Shop closures of large retailers in Wales far outweighed all new chain store openings in the first half of 2019, research has indicated.
There was a net loss of 37 chain shops in the 11 towns surveyed, suggesting Wales was proportionally the worst-affected part of the UK.
Across the UK, fashion retailers saw the biggest declines, followed by restaurants, estate agents and pubs.
However, there were more openings of takeaways and sport and health clubs.
Researchers studied town centres deemed to be in Great Britain’s top 500 high streets, including Abergavenny, Barry, Newport, Swansea, Cardiff, Carmarthen, Merthyr Tydfil, Neath, Pontypridd, Bridgend and Cwmbran.
Barry in the Vale of Glamorgan was the only town surveyed in Wales not to see a decline.
Stuart Burnell, who runs a refill shop there, said different types of shops could attract shoppers back.
The analysis by Local Data Company and PwC showed the shortfall between chains opening and closing was at the highest level since the analysis began in 2014.
Barry town centre saw one chain shop closing and one opening in the first half of this year. Fifty-five per cent of its shops are independent, meaning the chain retailers make up a significant proportion of the occupants.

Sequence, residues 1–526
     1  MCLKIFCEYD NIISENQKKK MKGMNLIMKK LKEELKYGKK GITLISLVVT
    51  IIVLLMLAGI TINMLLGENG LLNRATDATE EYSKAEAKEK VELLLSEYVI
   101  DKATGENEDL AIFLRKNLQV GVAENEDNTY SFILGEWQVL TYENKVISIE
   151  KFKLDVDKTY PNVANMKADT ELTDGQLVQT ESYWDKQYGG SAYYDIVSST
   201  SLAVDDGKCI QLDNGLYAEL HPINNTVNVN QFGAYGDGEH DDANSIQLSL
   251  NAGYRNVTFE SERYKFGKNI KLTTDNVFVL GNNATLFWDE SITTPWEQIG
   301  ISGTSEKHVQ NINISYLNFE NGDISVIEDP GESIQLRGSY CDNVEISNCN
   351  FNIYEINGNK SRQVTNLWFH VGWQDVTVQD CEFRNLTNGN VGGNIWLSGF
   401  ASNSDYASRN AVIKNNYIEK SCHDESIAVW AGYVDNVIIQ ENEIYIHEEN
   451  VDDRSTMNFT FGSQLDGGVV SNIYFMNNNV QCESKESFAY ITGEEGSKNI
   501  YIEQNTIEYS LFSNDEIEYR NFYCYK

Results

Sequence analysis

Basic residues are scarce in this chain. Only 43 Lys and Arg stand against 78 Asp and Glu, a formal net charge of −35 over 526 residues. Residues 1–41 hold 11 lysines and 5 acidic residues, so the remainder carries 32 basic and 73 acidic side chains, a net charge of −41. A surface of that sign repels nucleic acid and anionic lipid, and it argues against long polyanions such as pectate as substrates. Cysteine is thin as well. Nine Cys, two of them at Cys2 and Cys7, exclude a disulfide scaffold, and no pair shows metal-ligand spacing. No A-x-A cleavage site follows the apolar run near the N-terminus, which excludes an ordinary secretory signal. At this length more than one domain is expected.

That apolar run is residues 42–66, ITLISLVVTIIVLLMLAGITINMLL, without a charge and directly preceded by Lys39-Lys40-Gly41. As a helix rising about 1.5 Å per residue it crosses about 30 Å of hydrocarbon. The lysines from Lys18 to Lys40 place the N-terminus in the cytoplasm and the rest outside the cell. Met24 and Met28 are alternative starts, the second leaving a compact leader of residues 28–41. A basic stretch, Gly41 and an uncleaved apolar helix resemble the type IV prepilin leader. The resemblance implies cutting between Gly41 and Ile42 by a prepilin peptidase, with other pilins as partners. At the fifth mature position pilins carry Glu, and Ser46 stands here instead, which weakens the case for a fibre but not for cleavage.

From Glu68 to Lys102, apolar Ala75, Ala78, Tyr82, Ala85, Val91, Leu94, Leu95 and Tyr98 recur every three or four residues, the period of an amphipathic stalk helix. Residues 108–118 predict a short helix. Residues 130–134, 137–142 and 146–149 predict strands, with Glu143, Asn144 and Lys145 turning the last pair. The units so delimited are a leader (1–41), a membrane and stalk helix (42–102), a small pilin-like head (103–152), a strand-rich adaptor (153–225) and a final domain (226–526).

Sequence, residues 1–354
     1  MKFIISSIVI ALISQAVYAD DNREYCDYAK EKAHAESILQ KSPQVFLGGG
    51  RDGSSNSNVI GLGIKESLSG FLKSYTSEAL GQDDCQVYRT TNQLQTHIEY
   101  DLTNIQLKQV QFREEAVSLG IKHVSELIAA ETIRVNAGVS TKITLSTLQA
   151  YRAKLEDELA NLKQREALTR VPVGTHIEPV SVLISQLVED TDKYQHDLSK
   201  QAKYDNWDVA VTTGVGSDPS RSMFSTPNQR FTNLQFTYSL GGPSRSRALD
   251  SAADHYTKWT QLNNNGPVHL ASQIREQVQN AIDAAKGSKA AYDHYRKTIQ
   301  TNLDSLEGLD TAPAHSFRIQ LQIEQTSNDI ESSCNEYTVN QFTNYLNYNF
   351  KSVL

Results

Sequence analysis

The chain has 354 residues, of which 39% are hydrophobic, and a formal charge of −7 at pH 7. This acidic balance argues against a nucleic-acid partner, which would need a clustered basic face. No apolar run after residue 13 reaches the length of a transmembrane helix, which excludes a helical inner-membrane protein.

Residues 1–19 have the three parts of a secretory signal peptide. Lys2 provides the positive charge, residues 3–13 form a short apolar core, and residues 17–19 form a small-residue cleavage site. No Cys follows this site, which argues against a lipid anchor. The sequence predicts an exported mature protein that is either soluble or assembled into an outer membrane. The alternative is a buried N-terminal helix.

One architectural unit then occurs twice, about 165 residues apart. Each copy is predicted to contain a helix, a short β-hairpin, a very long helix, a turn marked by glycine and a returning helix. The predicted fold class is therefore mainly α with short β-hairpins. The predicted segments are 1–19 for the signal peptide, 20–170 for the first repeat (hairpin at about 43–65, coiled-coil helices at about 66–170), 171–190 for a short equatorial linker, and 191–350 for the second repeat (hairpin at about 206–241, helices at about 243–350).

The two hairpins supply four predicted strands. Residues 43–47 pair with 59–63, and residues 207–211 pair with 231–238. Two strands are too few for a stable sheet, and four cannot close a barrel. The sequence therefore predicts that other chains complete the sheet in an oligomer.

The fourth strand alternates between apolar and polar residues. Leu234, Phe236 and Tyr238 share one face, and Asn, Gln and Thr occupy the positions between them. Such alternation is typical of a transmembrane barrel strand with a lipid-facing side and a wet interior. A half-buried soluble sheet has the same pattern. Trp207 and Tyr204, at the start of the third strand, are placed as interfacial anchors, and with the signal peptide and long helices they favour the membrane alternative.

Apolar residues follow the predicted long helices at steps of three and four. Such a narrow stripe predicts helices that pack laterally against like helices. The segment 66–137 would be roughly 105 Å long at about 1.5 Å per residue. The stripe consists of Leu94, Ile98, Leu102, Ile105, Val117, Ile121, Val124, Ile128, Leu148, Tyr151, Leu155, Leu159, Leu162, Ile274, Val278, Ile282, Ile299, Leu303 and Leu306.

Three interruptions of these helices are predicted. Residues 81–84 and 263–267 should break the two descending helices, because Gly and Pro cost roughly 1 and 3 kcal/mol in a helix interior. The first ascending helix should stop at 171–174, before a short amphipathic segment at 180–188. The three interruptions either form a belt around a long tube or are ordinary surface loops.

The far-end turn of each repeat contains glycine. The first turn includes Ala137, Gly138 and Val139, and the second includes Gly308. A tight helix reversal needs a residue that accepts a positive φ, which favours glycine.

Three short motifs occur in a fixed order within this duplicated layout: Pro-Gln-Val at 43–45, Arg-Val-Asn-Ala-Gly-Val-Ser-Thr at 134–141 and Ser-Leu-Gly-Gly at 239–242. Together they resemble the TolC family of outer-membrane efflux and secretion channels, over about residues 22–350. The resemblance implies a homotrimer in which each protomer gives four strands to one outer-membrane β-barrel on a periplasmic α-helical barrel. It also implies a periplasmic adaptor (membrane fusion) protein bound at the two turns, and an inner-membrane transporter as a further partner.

Rachael Williams, who is involved with the Holton Road Traders’ Association, said the departure of chains such as Dorothy Perkins, Burton and New Look had affected footfall and created a negative perception of the area.
“You’ve either got to make the units bigger to attract the bigger shops, or you’ve got to make the rates lower to attract the independents,” she added.
Her husband Ceri Williams, who co-owns Marshalls Butchers on the main street Holton Road, said a reduction in chain shops was “another nail in the coffin” for the high street.
In July, locals Stuart Burnell and his fiancée opened the Awesome Wales zero waste refill shop, next to Marshalls, and said they had been well-supported by residents.
“It’s vitally important we have different types of shop that will bring people back into the town centre,” he said.
His neighbour Mr Williams added: “Getting people in the town is the biggest challenge because it’s so hard to draw people in, but the [refill] shop next door, he has brought a lot of people in, and nice people who care about the environment and we’re getting a bit of spin off from that.”
How independent are Welsh high streets?
The analysis looked at the top 500 high streets with the largest number of chain stores, which is why there were no towns in north Wales on the list.
Ben Cottam, from the Federation of Small Businesses Wales, described the analysis as “sobering”.
“We now see that some of the pressures of consumer behaviour, business rates burdens and other issues are hitting even the biggest names,” he added.